AUSTIN (KXAN) — A new home in ultra-green Austin is the latest buzz in energy efficiency. It’s known as a “passive house” and it’s the first of its kind here.
“The difference is the passive house solely focuses on reducing the energy load,” said Nick Wakem, energy consultant.
The modern-styled home, at 3602 Abbate Circle, uses only a quarter of the energy a typical three-bedroom, two-bath house would use.
The savings come from concentrating on the “envelope,” or the walls, windows and doors. The windows are triple-paned. At twelve inches thick, the walls sport layers of insulation. Passive houses are virtually airtight.
Because little air escapes, it doesn’t take much to keep it comfortable inside. An energy recovery ventilator circulates the air.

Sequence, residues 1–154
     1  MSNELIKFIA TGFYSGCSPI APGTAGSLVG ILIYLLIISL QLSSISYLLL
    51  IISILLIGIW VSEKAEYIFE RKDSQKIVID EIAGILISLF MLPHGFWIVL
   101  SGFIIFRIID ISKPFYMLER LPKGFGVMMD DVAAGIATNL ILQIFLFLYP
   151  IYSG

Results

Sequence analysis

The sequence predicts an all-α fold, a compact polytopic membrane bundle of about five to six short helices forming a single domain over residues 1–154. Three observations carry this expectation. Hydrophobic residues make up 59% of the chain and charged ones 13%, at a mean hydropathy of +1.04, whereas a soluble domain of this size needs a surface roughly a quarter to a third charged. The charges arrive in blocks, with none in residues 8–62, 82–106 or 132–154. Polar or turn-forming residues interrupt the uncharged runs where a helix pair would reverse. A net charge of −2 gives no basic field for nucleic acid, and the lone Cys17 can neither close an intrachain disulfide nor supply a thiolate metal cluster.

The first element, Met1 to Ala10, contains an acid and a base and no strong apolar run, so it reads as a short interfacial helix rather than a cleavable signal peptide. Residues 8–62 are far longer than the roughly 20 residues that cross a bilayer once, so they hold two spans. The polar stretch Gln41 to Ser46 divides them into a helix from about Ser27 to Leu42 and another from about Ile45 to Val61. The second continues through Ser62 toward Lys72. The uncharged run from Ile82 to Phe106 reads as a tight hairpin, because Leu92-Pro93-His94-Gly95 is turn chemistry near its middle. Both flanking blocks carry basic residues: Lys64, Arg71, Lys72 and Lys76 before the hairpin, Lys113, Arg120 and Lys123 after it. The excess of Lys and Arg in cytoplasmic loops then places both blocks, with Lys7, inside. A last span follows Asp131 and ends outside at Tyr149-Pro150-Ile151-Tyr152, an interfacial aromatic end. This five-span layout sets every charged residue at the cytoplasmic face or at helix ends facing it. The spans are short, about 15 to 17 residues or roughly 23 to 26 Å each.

In hot, muggy Central Texas, however, there are some challenges.
“The passive house standards are coming from a German climate, which is very different from our climate,” said Sam Rusek, energy consultant. “We’re dealing with cooling loads down here and dehumidifying air.”
Rusek says she looks forward to the day when passive house standards can be made specific to the South.
Passive house building standards can apply to any construction project, not just homes, and are more popular in other parts of the country. Rusek says passive homes cost only about 5 to 10 percent more than a typical new build.
“It adds a different challenge,” said Nick Wakem, energy consultant. “In this case, this was our first passive house in Austin and the builder’s first time building one. So yeah, some of the details are different. There is a learning curve to that. I think if we were to do a second one it’d be much easier.”
The home is currently for sale.
Wakem and Rusek are hosting a passive house conference in April.